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Mulhall Creates a New ‘Normal’


Monday, 18th November 2013 at 9:51 am
Staff Reporter, Journalist
With the promise to never go back to a “normal” job, Avis Mulhall’s passion to “change the world” steered her in creating the changemaker community called Think Act Change in Sydney and social enterprise Looloo Paper. Mulhall is this week’s Changemaker.

Monday, 18th November 2013
at 9:51 am
Staff Reporter, Journalist


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Mulhall Creates a New ‘Normal’
Monday, 18th November 2013 at 9:51 am

With the  promise to never go back to a “normal” job, Avis Mulhall’s passion to “change the world” steered her in creating the changemaker community called Think Act Change in Sydney and social enterprise Looloo Paper –  a toilet paper business that uses its profits to improve sanitation conditions in developing countries. Mulhall is this week’s Changemaker.

Mulhall, originally from Ireland, moved to Sydney three years ago to set up the social travel network mmMule.  Think Act Change and Looloo Paper soon followed.

She came from a corporate background, however  “ditched her successful corporate career to live in a rainforest in Africa”.

“In 2009 I left Ireland and worked with a charity in the Usambara mountains in Tanzania – you could say it was my first flirtation with the NFP world,” she said.

“I promised myself in Africa that I would never go back to a ‘normal’ job, and I never have.”

Mulhall has represented Australia at the G20 YES Summit and was named in Sydney Magazine’s Top 100 People of Influence for 2012.

What was your first job in the Not for Profit sector?

In 2009 I left Ireland and worked with a charity in the Usambara mountains in Tanzania – you could say it was my first flirtation with the Not for Profit world. I promised myself in Africa that I would never go back to a “normal” job, and I never have.

What is the most rewarding part of your work?

The people and community I get to be a part of. I feel so lucky and privileged to be surrounded by such absolute legends all the time. It’s really heartening to be around such inspirational people, all of whom are working from the heart and making a huge difference. And all of whom make the best bunch of friends a gal could hope for.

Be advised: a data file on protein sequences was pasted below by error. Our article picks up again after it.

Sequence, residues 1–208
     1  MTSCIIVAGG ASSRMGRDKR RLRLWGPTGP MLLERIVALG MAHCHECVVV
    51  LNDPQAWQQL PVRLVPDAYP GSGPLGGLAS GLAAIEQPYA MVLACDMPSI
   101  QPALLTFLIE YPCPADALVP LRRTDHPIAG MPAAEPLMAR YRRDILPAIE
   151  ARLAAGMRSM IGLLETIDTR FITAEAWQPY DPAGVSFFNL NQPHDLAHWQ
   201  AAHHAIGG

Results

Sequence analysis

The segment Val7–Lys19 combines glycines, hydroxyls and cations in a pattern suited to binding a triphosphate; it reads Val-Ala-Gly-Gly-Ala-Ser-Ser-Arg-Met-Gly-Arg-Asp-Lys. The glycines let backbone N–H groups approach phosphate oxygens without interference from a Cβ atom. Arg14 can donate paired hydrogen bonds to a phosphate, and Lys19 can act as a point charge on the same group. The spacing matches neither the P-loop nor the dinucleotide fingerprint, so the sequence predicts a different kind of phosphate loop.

What has been the most challenging part of your work?

Finding balance and not becoming overwhelmed. Meditation helps – a lot. It’s so important to find time for yourself, even on those days when you’re super busy, actually especially on those days when you’re super busy. It’s easier said than done, and it’s something that I constantly try to remind myself of.

I consider my greatest achievement to be … Managing to stay alive this long…I’m pretty damn accident prone. But seriously, I guess if I were to look at my life I would say my greatest achievement has been finding my own path in life. Figuring out who I am and what I want to do has been the greatest adventure of all. It’s hard as hell sometimes, but always worth it.

Favourite saying … Well it’s not really a saying, just something I tend to say a lot. And that’s – “if people think you’re crazy, then you’re probably half way to awesome already”. Pretty much sums up how I feel about life. Do crazy things. Be wild. Be yourself. Life will become a whole lot more interesting if you do.

I’m always being asked … what is that accent, where are you from?! Apparently my Irish accent is softening….

What are you reading/watching/listening to at the moment?

“David & Goliath” by Malcolm Gladwell – it’s all about underdogs, I was really interested in reading this as I want to learn more about people-led movements and I think in our current political climate, this is something that’s going to (and needs to) happen a whole lot more.

My greatest challenge is … Isn’t life just one big challenge?! I think life is less about the challenges you face and more about how you choose to deal with them. There always seems to be something challenging that I’m facing, but I’ve found if you face them with optimism and a bunch of good friends behind you, nothing can stop you.

School taught me … I would say school itself didn’t teach me a whole lot. That said, my art and photography teachers were without doubt the two greatest influences of my teenage years. They taught me the power and beauty of being unique, of seeing the world in a different way, of looking at the negative spaces people don’t often see, of analysing and seeing beauty in the small, simple everyday things, of learning to believe in myself and my abilities. They saw something in me that a lot of others didn’t. They believed in me.

What does a typical day for you involve?

Sounds cheesy, but this is nigh on impossible for me to describe as every day is so different. But one thing that is constant is how my day starts – and that’s in the ocean, even through winter. I absolutely must get a swim in or I just don’t feel like myself.

What (or who) inspires you?

Nature. It never ceases to amaze me. I’m grateful for it every day. When you look at how beautiful and amazing the world is, you can’t help but be awestruck.


Staff Reporter  |  Journalist  |  @ProBonoNews



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